A major reason I chose to get my MBA was the opportunity to learn in a structured environment again. One regret from my undergrad experience was not treating education like an all-you-can-eat buffet.

Business school can be one’s last opportunity to step out of the workforce and be rewarded with a new set of well-founded ideas about how business should be done. In that vein, I wanted to take classes that would deepen the knowledge I already had, so I chose two concentrations to be the foundation of my academic path. However, I’d do myself a disservice if I only studied what I know. What could I take to broaden my learning? Or better yet, expose me to disciplines I hadn’t even heard of before? This is where my elective selection strategy came into play.

Given the coursework demands I already had from my concentrations and my desire to occasionally sleep, I needed to be judicious about which classes I used for those slots. So I did what any good business school student would do and created a process to maximize my positive elective experience. It simplifies to five main points:

1. Get Intentional

I asked students in the class ahead of me what their number one regret was at the end of their experience, and a few felt they hadn’t been choosey enough with the activities they undertook, including classwork. To that end, I planned out my electives as far in advance as possible. I didn’t always get what I wanted, but I at least knew what I was looking for.

2. Reconnaissance

I could have read all the descriptions and selected the courses that sounded most interesting to me, but that would have only painted half the picture. One of the benefits of going to a school like Fuqua is that you’re surrounded by lots of people who are sound decision-makers. Therefore, I sought counsel from classmates who had taken specific courses recently, and rounded out my understanding using our course reviews database. This helped steer me towards some courses that I wouldn’t have otherwise known about and away from some classes whose execution was different than their description.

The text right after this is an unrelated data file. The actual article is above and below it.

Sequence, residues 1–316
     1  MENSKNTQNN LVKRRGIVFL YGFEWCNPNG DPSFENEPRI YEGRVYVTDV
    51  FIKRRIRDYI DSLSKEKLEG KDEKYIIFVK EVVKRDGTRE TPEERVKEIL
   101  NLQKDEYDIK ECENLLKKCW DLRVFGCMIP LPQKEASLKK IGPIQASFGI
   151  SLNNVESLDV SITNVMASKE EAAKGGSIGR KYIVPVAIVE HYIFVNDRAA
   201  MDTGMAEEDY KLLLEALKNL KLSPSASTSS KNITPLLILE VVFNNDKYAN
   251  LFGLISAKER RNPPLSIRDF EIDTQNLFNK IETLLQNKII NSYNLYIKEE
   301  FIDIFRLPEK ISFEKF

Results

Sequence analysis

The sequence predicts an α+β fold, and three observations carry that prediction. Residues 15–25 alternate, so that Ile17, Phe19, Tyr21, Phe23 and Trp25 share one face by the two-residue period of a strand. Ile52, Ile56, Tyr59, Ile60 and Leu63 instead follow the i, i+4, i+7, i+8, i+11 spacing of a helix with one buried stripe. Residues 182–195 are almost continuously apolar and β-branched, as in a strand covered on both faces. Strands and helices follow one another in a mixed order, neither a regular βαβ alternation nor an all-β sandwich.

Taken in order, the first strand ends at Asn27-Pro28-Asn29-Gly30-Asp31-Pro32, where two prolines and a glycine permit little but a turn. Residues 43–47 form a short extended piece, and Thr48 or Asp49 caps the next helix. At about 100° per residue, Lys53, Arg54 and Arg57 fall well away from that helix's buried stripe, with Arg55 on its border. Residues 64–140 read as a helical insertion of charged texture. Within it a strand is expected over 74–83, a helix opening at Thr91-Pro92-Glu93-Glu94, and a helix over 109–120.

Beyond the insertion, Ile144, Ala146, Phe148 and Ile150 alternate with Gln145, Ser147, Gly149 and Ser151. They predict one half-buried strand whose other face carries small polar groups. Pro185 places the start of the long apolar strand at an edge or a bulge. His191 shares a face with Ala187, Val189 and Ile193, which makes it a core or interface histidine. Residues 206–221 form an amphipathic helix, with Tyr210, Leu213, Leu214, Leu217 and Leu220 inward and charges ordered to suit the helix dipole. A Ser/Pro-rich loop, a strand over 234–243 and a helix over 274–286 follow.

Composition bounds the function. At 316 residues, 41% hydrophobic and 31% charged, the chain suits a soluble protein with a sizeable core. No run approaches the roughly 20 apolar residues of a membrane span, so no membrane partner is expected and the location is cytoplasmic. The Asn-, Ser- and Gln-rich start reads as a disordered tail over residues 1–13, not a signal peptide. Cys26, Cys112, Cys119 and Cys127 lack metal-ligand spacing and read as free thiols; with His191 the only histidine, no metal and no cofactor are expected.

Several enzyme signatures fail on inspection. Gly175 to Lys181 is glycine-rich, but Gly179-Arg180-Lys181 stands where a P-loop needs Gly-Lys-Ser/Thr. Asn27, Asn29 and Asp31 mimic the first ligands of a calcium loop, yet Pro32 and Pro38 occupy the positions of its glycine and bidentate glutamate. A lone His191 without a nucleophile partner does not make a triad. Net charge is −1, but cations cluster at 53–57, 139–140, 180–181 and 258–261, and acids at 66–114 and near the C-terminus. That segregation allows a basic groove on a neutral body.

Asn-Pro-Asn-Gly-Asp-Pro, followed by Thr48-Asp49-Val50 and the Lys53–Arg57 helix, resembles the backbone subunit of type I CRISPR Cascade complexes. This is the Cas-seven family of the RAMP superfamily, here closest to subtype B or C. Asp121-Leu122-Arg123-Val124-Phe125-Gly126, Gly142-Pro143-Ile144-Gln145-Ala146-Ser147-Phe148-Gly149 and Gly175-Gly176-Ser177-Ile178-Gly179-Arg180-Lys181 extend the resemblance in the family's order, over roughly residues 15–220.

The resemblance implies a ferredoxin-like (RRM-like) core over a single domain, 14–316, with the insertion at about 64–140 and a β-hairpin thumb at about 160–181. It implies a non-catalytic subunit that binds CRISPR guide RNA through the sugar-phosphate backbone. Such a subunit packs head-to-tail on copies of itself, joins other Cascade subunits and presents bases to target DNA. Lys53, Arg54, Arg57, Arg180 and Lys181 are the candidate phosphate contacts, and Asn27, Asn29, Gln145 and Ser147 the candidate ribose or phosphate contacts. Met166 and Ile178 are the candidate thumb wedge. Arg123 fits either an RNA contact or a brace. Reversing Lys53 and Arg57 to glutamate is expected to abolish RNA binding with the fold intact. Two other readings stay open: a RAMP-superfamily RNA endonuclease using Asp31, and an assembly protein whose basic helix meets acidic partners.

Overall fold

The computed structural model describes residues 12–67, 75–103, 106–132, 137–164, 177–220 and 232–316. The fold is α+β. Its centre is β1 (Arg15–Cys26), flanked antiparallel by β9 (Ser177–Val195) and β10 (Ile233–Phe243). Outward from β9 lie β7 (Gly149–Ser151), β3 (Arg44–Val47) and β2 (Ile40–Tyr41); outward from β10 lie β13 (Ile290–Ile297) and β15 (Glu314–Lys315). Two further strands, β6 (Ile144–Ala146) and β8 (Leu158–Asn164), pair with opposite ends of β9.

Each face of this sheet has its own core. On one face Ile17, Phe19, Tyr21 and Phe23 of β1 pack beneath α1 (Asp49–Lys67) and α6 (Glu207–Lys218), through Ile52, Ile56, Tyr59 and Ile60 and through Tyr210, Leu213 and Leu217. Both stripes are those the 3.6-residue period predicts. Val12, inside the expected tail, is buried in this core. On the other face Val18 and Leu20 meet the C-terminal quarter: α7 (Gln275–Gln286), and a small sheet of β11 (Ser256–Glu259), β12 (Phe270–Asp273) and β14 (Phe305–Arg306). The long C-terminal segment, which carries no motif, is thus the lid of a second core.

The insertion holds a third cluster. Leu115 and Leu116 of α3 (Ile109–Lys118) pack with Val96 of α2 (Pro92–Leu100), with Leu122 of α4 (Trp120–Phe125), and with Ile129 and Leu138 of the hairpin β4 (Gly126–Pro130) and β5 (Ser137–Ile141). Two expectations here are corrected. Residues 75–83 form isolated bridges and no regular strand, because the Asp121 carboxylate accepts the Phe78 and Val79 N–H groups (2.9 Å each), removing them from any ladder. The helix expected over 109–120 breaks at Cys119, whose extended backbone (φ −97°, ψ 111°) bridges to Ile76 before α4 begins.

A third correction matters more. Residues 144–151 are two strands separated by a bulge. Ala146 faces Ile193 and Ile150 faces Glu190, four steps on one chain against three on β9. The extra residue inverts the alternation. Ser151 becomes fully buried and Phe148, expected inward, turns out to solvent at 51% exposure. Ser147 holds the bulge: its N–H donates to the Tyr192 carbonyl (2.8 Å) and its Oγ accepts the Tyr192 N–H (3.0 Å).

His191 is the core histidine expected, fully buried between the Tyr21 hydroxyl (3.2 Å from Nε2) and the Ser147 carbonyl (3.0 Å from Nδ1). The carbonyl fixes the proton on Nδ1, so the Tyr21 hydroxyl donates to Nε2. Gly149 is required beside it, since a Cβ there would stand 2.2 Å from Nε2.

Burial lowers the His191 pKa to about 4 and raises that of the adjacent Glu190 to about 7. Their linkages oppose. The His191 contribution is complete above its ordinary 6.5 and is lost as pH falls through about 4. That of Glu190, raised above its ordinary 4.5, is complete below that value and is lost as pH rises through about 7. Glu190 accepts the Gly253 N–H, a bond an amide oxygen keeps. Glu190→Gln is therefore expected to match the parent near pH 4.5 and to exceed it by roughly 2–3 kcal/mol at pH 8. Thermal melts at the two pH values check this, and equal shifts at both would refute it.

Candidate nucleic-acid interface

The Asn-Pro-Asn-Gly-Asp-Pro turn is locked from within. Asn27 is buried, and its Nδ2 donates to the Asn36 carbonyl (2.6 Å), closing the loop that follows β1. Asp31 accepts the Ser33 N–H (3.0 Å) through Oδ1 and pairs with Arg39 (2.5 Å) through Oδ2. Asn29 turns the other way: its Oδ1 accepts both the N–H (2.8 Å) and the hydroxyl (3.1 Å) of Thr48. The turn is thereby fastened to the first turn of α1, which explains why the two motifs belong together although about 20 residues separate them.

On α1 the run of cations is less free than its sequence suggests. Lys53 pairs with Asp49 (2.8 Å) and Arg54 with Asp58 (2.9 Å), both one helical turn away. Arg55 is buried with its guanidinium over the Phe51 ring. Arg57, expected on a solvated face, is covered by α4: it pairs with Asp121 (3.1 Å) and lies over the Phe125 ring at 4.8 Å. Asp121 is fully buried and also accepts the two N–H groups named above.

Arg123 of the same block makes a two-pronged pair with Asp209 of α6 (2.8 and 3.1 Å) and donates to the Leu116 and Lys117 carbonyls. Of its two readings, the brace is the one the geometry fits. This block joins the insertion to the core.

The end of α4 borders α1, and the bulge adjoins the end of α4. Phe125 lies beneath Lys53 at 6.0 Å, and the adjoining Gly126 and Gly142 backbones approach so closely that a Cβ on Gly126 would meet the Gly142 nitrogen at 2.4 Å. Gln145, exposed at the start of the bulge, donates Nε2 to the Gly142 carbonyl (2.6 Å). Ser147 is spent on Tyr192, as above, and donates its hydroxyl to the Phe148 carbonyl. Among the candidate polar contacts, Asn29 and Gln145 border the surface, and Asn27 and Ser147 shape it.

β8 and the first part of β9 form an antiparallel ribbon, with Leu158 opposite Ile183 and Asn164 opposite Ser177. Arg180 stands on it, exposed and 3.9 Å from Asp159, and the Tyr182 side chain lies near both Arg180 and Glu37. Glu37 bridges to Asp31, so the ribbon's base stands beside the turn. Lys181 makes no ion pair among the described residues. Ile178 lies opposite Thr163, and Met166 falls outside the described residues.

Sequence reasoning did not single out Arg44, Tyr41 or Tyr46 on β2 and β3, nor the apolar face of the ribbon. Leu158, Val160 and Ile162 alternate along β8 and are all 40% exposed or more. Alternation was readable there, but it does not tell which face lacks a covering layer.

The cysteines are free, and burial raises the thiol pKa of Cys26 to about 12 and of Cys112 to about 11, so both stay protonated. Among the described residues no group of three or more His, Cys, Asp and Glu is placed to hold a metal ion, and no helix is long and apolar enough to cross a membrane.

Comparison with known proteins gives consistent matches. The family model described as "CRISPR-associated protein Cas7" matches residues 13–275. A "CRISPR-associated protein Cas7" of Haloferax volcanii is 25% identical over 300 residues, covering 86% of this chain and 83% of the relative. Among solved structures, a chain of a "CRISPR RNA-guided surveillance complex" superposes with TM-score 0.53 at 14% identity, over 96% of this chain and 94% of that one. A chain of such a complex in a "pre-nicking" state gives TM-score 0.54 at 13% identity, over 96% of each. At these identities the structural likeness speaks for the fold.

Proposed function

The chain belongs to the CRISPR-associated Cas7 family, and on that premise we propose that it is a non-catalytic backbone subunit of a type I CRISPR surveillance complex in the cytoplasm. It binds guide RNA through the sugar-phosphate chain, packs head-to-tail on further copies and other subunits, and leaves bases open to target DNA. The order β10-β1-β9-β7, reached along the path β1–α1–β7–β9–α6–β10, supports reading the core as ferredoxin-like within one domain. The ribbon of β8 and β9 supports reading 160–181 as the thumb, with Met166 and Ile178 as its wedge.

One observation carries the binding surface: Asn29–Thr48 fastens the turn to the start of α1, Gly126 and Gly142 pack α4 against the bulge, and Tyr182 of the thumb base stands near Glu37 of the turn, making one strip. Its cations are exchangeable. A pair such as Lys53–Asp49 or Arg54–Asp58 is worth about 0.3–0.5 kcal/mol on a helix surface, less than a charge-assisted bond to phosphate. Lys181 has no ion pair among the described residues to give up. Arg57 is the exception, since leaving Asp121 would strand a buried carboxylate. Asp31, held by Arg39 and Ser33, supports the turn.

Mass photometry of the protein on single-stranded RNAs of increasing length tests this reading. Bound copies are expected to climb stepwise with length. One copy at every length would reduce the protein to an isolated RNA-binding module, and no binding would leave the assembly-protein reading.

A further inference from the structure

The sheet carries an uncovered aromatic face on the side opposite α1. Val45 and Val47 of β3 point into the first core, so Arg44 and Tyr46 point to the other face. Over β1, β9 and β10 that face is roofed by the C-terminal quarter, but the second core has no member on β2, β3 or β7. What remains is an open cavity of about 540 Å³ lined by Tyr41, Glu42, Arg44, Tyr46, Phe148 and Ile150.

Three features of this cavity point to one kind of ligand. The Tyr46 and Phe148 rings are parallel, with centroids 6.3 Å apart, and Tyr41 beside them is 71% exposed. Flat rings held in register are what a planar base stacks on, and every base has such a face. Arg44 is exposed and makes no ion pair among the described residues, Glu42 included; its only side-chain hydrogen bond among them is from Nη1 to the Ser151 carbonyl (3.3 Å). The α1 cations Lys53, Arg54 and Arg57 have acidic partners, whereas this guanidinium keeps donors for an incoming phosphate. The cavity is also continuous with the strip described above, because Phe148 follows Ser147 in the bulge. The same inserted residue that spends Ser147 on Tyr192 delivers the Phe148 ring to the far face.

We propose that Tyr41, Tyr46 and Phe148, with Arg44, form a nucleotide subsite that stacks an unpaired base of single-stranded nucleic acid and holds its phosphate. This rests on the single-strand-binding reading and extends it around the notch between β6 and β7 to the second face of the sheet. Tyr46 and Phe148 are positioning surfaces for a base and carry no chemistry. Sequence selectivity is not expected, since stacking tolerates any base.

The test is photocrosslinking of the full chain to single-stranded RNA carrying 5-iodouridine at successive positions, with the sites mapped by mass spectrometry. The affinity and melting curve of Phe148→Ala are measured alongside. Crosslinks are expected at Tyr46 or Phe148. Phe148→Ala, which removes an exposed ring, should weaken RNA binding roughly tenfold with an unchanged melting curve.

3. Follow Certain Teachers

There are a handful of teachers at Fuqua who hold status among their peers as student favorites. Regardless of how dry the material may have seemed at first glance, every class I took from one of these professors changed the way I thought about the business world. As a result, I remember and understand the class more completely than I would have thought possible.

4. Chase Down Opportunity

In spite of all of your planning, some courses will not have much information about them available in advance and require a lottery entry to attend. Don’t let that stop you from signing up for them. I was lucky enough to take a class with General Martin Dempsey, former Chairman of the Joint Chiefs of Staff under President Obama. All of the jumping-through-hoops and wonky scheduling was made up for by the stories and perspective that I had the opportunity to gain in the classroom. Take these classes, even if they don’t fit in a certain category.

5. Realize Not All Learning Happens in the Classroom

One of my most memorable and practical learning experiences was an optional after-class lecture and mini-collaboration session with a Game Theory practitioner who uses his skills to help his company make better strategic decisions. This session ended up providing an easy way for me to use my classroom learning on day one of my job after graduation. My experience in the class, and at the school, would not have been as rich had I not attended this.

Bonus Tip: Take an Elective Through Another School

In addition to electives at Fuqua, students can take crossover classes at many of the other schools at Duke, at other colleges in the area, or even attend exchange experiences abroad. I took a superb Brand Management class at Melbourne Business School during the winter break exchange term. These electives can be more variable, but don’t forget them as viable options.

Whatever your approach to choosing MBA electives, don’t stress too much. You’ll find that like most of business school, choosing electives becomes a choice between a very good option and a great one, so the end result will likely be enriching either way.